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Research shows: It’s good to be the boss

Vu Lac, a manager at the Grand Junction restaurant in Moorhead, said while the responsibilities are many, he prefers being boss to being an employee. Dave Olson/The Forum. credit: Dave Olson

FARGO -- Managers Vu Lac and Nate Leal have nearly a dozen years of combined experience at the Grand Junction restaurant in Moorhead, where both started as employees.

With the dual perspective of having been a worker and a boss, which do they prefer?

“It’s less frustrating (being a manager) because you can play a bigger role in getting something done,” Leal said.

Lac echoed the point, stating, “Benefits do come your way.”

Lac added, however, that responsibilities that come with being boss – things like hiring, firing and training – aren’t always easy.

“Trust me, sometimes I do feel like I want to be an employee instead of a manager,” he said.

Still, his main assertion, that it’s good to be boss, is a view shared by many managers across the country, according to a recent study by the Pew Research Center.

The study, which surveyed 2,002 adults in October, found that America’s bosses, more so than workers, enjoy greater job satisfaction, as well as greater satisfaction with their family life and overall financial situation.

Some findings of survey:

  •  Sixty-nine percent of bosses reported feeling very satisfied with their current position, compared with 48 percent of workers
  •  Eighty-three percent of bosses described themselves as very satisfied with their family situation, while about 74 percent of workers were similarly content.
  •  Seventy-eight percent of bosses viewed their job as a career, compared with 44 percent of workers.

Alex Wiger is one worker who doesn’t view his job as a career position.

The Grand Junction employee said he likes the work he’s doing, but he may go back to school to study business, or accounting.

“I don’t mind restaurant work, but I don’t see myself doing it for the rest of my life,” said Wiger, who is 22.

A satisfied mind

The link between how much control people have over the work they do and the satisfaction they derive from doing it is something that has been well established by research, according to area college professors.

“Power over one’s daily life and more control in the workplace, research finds this is definitely predictive of satisfaction,” said Mona Ibrahim, associate professor of psychology at Concordia College in Moorhead.

Ibrahim said the dynamic extends beyond the workplace.

“Control over any experience predicts satisfaction with that experience,” she said, adding that another factor that promotes satisfaction is receiving recognition for the contributions one makes, something that may be lacking in some positions.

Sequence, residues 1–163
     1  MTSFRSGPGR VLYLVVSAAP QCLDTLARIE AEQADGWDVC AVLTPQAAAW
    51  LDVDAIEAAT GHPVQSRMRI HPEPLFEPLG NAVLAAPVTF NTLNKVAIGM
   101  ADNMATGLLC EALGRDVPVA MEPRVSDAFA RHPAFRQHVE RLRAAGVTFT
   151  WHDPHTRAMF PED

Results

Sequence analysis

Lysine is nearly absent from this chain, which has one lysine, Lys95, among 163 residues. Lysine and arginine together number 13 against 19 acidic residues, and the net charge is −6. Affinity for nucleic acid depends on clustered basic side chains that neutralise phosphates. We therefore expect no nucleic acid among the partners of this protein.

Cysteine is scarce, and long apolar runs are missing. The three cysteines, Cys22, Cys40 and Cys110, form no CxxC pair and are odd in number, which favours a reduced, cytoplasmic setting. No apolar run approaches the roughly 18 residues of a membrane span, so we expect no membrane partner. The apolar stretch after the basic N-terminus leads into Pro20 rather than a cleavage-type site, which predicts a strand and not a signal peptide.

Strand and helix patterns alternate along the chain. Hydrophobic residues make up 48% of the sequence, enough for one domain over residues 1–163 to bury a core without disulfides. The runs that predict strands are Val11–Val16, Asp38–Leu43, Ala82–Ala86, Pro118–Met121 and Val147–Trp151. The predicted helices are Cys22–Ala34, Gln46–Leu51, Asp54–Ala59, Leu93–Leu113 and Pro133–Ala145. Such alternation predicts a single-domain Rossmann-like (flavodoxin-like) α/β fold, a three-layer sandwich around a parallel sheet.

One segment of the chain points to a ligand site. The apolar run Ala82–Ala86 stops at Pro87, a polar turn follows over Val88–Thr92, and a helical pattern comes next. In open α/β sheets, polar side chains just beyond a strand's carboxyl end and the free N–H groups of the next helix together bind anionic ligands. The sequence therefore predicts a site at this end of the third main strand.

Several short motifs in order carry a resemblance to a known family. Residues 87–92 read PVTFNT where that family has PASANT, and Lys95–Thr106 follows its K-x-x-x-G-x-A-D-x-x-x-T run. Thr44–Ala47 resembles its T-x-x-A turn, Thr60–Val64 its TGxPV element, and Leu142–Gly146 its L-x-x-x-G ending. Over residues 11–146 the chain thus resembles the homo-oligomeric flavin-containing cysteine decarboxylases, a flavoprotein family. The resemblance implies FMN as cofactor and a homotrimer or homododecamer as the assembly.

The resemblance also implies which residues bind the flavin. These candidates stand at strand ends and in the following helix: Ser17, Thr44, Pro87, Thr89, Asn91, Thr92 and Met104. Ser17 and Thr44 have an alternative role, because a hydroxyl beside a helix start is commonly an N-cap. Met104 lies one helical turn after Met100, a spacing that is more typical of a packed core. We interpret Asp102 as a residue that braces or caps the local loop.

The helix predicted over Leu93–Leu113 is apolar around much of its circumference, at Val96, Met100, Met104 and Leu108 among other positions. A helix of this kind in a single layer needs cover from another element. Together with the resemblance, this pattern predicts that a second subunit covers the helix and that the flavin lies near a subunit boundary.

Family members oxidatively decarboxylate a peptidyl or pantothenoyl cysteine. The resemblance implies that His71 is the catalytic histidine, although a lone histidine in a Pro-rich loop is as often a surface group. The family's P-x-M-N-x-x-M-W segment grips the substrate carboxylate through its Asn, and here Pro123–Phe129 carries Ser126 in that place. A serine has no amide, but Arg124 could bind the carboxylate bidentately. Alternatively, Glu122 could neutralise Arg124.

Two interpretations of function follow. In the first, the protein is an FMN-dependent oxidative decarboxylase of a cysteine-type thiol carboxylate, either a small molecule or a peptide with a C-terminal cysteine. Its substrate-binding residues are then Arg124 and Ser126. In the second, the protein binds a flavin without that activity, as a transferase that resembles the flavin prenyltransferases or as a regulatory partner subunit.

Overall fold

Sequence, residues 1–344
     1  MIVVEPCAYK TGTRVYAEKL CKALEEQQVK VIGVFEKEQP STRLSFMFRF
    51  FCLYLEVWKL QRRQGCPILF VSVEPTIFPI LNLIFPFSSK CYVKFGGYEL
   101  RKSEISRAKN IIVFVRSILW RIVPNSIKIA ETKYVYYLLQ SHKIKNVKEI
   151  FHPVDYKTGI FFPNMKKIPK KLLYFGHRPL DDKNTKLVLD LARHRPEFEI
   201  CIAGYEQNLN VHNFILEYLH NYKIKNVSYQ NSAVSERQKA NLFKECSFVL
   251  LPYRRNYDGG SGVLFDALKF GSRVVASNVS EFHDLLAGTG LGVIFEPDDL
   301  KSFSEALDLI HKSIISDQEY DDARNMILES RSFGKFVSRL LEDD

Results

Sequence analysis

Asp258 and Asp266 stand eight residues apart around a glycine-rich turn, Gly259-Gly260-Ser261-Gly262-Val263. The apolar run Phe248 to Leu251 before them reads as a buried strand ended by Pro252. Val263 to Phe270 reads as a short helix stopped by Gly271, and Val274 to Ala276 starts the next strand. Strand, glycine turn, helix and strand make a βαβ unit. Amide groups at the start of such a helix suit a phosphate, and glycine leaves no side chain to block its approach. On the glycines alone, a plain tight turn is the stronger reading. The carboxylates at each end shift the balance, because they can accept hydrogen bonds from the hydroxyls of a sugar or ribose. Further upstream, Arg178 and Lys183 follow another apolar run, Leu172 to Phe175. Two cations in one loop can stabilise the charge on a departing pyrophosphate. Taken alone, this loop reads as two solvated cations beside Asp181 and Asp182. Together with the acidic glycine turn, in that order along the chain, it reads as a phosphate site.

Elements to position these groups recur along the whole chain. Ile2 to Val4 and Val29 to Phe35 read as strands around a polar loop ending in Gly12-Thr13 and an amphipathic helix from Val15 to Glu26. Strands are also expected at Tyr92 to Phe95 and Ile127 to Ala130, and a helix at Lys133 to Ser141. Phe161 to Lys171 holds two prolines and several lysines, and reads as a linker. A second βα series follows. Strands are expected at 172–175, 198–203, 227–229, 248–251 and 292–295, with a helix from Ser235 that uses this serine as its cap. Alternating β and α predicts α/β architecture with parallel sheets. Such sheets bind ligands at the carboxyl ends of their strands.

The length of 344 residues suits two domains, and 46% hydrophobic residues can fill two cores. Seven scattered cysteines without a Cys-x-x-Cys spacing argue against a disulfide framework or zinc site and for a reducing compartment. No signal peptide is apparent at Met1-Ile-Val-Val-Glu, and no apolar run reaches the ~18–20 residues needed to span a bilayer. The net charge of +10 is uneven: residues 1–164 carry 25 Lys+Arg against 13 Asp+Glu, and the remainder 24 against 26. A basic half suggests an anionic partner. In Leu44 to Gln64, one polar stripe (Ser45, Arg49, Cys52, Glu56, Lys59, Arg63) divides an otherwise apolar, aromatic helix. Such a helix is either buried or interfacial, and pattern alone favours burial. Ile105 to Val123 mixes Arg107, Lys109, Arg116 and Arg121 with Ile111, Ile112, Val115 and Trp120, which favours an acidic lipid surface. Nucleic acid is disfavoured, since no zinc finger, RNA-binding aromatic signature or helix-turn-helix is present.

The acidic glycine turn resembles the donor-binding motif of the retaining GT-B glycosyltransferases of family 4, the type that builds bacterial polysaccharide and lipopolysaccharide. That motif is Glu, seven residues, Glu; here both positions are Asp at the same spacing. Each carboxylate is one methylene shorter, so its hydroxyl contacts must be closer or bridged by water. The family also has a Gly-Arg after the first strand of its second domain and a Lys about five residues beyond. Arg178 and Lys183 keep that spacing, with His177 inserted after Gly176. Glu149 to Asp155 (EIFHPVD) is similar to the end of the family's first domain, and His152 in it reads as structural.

“Lower-level employees may be doing a lot of important work for the organization, but it’s not recognized. They don’t get the credit for it,” she said.

According to Ibrahim, bosses who are deliberate about giving employees control over what they do and recognition for accomplishments will have more satisfied employees

“Even if it’s corrective feedback, it’s better than no acknowledgement whatsoever,” she said.

Ryan Christiansen, president and CEO of Knuckledown Press LLC, said his entrepreneurial endeavor, which publishes books in electronic formats for worldwide distribution, is a better fit for him than past jobs working for someone else.

“I was a technical writer and a technical support engineer on the lowest rung of the corporate ladder, and while the work was satisfying monetarily, it wasn’t satisfying to simply respond to other people’s decisions,” Christiansen said.

“I wanted to participate in making decisions, or to make my own decisions and set my own course,” Christiansen added.

While the results of the Pew survey might suggest otherwise, job satisfaction among American workers has actually been on the rise, particularly since the 1970s, when employers began instituting changes designed to increase worker autonomy, said Verlin Hinsz, a professor of organizational psychology at North Dakota State University.

According to Hinsz, autonomy drives worker satisfaction to a greater extent than pay and other forms of reward.

Taking control

Family farmers, he said, are a good example; they can’t control things like the weather, or the price they will receive for their crops, but they do control what they do and when they do it.

“They like the work they do, and if you think about it, that’s why farmers don’t quit, that’s why farmers don’t miss a day of work,” Hinsz said.

No matter what the job, Ibrahim said satisfaction may improve if a person chooses to focus on things they do have control over, as opposed to things they don’t.

“It’s all in the perception,” she said, giving the example of a worker who is given an assignment by their boss.

The worker, she said, has a choice: fixate on the fact they have no choice but to fulfill the task, or reflect on the fact that their own personal decisions led them to the job they are doing.

“Focusing on what choices one has in life helps one enjoy a task much more and succeed in it,” Ibrahim said.